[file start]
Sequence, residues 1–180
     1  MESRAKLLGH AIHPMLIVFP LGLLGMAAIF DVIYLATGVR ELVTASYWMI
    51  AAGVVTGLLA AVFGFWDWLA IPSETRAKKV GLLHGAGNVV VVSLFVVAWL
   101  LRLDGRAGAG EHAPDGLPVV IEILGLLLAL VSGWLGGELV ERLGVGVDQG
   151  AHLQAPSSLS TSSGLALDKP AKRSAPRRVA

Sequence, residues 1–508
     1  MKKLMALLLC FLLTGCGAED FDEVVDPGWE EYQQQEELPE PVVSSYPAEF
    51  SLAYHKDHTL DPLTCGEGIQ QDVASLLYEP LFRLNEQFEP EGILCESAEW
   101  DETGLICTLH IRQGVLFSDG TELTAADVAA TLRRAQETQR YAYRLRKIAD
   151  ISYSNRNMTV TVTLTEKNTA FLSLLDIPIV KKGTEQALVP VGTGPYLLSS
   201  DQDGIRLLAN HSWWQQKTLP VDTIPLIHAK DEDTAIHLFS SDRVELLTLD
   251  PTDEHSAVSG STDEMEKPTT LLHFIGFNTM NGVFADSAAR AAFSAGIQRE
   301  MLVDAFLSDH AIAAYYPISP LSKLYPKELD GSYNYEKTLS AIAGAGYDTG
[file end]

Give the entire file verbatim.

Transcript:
Sequence, residues 1–180
     1  MESRAKLLGH AIHPMLIVFP LGLLGMAAIF DVIYLATGVR ELVTASYWMI
    51  AAGVVTGLLA AVFGFWDWLA IPSETRAKKV GLLHGAGNVV VVSLFVVAWL
   101  LRLDGRAGAG EHAPDGLPVV IEILGLLLAL VSGWLGGELV ERLGVGVDQG
   151  AHLQAPSSLS TSSGLALDKP AKRSAPRRVA

Sequence, residues 1–508
     1  MKKLMALLLC FLLTGCGAED FDEVVDPGWE EYQQQEELPE PVVSSYPAEF
    51  SLAYHKDHTL DPLTCGEGIQ QDVASLLYEP LFRLNEQFEP EGILCESAEW
   101  DETGLICTLH IRQGVLFSDG TELTAADVAA TLRRAQETQR YAYRLRKIAD
   151  ISYSNRNMTV TVTLTEKNTA FLSLLDIPIV KKGTEQALVP VGTGPYLLSS
   201  DQDGIRLLAN HSWWQQKTLP VDTIPLIHAK DEDTAIHLFS SDRVELLTLD
   251  PTDEHSAVSG STDEMEKPTT LLHFIGFNTM NGVFADSAAR AAFSAGIQRE
   301  MLVDAFLSDH AIAAYYPISP LSKLYPKELD GSYNYEKTLS AIAGAGYDTG